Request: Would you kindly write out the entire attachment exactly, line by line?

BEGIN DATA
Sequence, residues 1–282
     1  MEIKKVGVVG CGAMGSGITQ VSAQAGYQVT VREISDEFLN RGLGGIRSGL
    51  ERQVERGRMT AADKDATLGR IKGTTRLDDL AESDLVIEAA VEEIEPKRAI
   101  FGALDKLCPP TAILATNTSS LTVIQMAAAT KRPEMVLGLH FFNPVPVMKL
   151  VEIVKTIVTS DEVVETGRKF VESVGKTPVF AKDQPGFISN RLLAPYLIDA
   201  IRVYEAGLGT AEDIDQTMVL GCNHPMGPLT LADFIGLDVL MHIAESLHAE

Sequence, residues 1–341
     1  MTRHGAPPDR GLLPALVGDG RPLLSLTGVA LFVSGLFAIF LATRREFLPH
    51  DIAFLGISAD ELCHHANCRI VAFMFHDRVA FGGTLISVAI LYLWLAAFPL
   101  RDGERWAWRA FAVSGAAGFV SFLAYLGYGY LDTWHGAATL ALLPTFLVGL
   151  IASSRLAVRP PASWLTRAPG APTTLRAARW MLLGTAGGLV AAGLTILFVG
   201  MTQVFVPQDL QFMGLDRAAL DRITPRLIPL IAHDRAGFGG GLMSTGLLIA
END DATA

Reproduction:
Sequence, residues 1–282
     1  MEIKKVGVVG CGAMGSGITQ VSAQAGYQVT VREISDEFLN RGLGGIRSGL
    51  ERQVERGRMT AADKDATLGR IKGTTRLDDL AESDLVIEAA VEEIEPKRAI
   101  FGALDKLCPP TAILATNTSS LTVIQMAAAT KRPEMVLGLH FFNPVPVMKL
   151  VEIVKTIVTS DEVVETGRKF VESVGKTPVF AKDQPGFISN RLLAPYLIDA
   201  IRVYEAGLGT AEDIDQTMVL GCNHPMGPLT LADFIGLDVL MHIAESLHAE

Sequence, residues 1–341
     1  MTRHGAPPDR GLLPALVGDG RPLLSLTGVA LFVSGLFAIF LATRREFLPH
    51  DIAFLGISAD ELCHHANCRI VAFMFHDRVA FGGTLISVAI LYLWLAAFPL
   101  RDGERWAWRA FAVSGAAGFV SFLAYLGYGY LDTWHGAATL ALLPTFLVGL
   151  IASSRLAVRP PASWLTRAPG APTTLRAARW MLLGTAGGLV AAGLTILFVG
   201  MTQVFVPQDL QFMGLDRAAL DRITPRLIPL IAHDRAGFGG GLMSTGLLIA